cross-platform libuv base.
Since the most common use case for listenFD was as a method for having
servers in multiple node processes share the same underlying handle, the
cluster module was added in its place. However, this still left a lot
of use cases unaddressed, and was a reason why some people could not use
node 0.6 for their programs.
In 0.8, we've replaced this functionality, as
The other feature in node 0.4 that got dropped in 0.6 was the ability to
pass arbitrary file descriptors as a child process's stdio, using the
customFds array. In Node 0.6,
customFds could be used to inherit
the parent's stdio handles, but not to pass arbitrary handles or file
descriptors to the child's stdio. Also, there was never a way to pass
more than the standard
in, out, err trio, so programs that expected
FD 4 to be opened in some specific way were out of luck.
In 0.8, we've added the
stdio array on the
options. Pass as many file descriptors, handles, etc. as you like, and
the child process will see them as already-opened FDs.
The cluster module in 0.8 is so much improved over 0.6, it's basically a complete rewrite. The API is mostly backwards compatible, but not entirely. (See the migration wiki for details.)
Barring these very minor API changes, if you were using cluster in 0.6, then your program will still work, but it'll be faster and more well-behaved now. And if you aren't taking advantage of the new features in 0.8's cluster, you're really missing out.
There's too much even to do it justice here. Go read the API docs.
The original idea for Domains was a way to join multiple different IO actions, so that you can have some context when an error occurs.
Since Ryan discussed the feature with node users at NodeConf Summer Camp last year, the domains feature has gone through many revisions. The problem is fairly well understood, but most attempts to solve it resulted in serious performance regressions, or uncovered difficult edge cases.
What we ended up with in 0.8 is a very stripped-down version of this idea. It's entirely opt-in, with minimal performance impact when it's used (and none when it isn't). There are a lot of examples in the API documentation, so check them out, and start handling your crashes smarter.
The domain module is still experimental. We are looking forward to your feedback, so please use it and let us know what you think.
The Repl, Readline, and TTY modules have all had a major facelift. The interfaces between these three modules are cleaned up and refactored, removing a lot of common pain points and making it easier to use for debugging your programs.
It may seem minor at times, but a good repl dramatically increases the quality of the overall experience. My personal favorites are:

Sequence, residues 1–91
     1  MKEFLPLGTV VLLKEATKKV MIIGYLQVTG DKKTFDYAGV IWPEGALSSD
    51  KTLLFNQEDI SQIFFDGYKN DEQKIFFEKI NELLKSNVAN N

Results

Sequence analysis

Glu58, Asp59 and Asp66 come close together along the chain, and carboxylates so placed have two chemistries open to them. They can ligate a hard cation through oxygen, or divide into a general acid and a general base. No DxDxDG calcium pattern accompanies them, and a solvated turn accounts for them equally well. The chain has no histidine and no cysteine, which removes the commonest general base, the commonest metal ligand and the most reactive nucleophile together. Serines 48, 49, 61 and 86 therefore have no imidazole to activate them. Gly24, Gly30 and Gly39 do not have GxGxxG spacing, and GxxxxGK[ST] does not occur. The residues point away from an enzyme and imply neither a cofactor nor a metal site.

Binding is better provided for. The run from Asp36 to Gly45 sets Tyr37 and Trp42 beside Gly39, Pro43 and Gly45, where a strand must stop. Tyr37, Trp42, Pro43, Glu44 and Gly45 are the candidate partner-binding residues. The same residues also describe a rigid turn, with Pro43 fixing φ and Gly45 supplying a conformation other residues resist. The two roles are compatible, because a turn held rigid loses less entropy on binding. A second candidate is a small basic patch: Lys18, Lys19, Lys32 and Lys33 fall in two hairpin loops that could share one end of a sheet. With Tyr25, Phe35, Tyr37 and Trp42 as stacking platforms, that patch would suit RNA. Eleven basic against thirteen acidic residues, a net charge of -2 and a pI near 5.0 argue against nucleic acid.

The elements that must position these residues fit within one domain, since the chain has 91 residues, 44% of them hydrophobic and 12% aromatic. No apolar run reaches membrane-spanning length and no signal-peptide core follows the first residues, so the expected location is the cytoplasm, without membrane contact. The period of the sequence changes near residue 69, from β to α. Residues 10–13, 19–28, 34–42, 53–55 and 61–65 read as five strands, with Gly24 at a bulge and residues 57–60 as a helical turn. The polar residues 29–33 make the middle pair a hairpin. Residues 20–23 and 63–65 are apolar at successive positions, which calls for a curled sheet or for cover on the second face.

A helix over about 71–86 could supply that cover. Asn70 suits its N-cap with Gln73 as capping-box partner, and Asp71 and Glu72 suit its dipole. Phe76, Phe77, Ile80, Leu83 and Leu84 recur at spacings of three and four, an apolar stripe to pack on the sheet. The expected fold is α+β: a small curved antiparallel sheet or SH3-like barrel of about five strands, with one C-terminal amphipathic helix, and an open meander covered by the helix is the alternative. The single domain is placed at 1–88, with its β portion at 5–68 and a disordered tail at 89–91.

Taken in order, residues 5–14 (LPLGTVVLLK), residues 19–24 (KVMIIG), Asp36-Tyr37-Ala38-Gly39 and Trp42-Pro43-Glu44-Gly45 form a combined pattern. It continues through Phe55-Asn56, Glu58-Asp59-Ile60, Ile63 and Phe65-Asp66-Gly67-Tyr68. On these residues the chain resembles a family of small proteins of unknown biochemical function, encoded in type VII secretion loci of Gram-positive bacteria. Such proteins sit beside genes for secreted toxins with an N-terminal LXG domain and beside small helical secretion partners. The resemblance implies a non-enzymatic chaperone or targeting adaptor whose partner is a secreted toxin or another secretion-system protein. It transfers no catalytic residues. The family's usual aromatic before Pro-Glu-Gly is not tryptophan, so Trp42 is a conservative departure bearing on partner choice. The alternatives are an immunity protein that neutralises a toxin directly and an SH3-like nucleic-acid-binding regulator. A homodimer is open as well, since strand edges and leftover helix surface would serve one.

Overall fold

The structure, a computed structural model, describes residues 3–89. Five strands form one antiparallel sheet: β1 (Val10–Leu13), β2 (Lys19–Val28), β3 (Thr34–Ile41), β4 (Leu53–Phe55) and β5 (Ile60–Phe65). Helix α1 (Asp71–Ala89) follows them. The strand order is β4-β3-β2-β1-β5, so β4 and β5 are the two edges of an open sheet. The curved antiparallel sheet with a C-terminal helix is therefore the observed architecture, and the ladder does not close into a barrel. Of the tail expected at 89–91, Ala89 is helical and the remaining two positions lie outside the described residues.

pathwill automatically load the module.
npm install ...will give you a helpful message.
- It doesn't do that stupid thing where long lines wrap and then the backspace makes it get all confused and crazy. Instead of that, it does the right thing.
Like other even-numbered version families before it, v0.8 will maintain API and ABI stability throughout its lifetime.
The v0.6 release family will continue to see releases for critical bugfixes and security issues through the end of 2012. However, it will not be the main focus of the core team's attention.
The v0.9 releases will start in the next couple weeks. The main focus of v0.9 will be:
- The HTTP implementation - It has seen a lot of real-world use now, but the http module is in dire need of a cleanup and refactor. Special attention will be paid to making the interfaces more consistent, improve performance, and increase correctness in more edge cases.
- The Streams API - The concept of the Stream API is very core to node. However, it is also (like HTTP) a feature that grew up organically, and is now in need of a cleanup. It is currently too hard to get right, especially regarding error handling.
- Libuv Streams - The handle interfaces in libuv are going to be refactored for added consistency throughout the codebase and across platforms.
- SSL performance leaves much to be desired at the moment. Node's interface with OpenSSL is somewhat naive and leaves a lot of potential optimization on the table.
- The Crypto module still uses some very dated APIs. In 0.8, it can accept Buffers for many things (finally!) but it still does not present a Node-like streaming interface.
At this point, the scope of Node's feature set is pretty much locked down. We may move things around internally for these cleanup tasks, but as you can see, there are no major new features planned. We've drawn our boundaries, and now it's time to continue focusing on improving stability and performance of the core, so that more innovation can happen in your programs.
And now, for those of you who may be wondering what was added since v0.7.12, your regularly scheduled release announcement:
V8: upgrade to v220.127.116.11
npm: Upgrade to 1.1.32
Deprecate iowatcher (Ben Noordhuis)
windows: update icon (Bert Belder)
http: Hush 'MUST NOT have a body' warnings to debug() (isaacs)
Move blog.nodejs.org content into repository (isaacs)
Fix #3503: stdin: resume() on pipe(dest) (isaacs)
crypto: fix error reporting in SetKey() (Fedor Indutny)
Add --no-deprecation and --trace-deprecation command-line flags (isaacs)
fs: fix fs.watchFile() (Ben Noordhuis)
fs: Fix fs.readfile() on pipes (isaacs)
Rename GYP variable node_use_system_openssl to be consistent (Ryan Dahl)
Source Code: https://nodejs.org/dist/v0.8.0/node-v0.8.0.tar.gz
Macintosh Installer (Universal): https://nodejs.org/dist/v0.8.0/node-v0.8.0.pkg
Windows Installer: https://nodejs.org/dist/v0.8.0/node-v0.8.0-x86.msi
Windows x64 Installer: https://nodejs.org/dist/v0.8.0/x64/node-v0.8.0-x64.msi
Windows x64 Files: https://nodejs.org/dist/v0.8.0/x64/
Other release files: https://nodejs.org/dist/v0.8.0/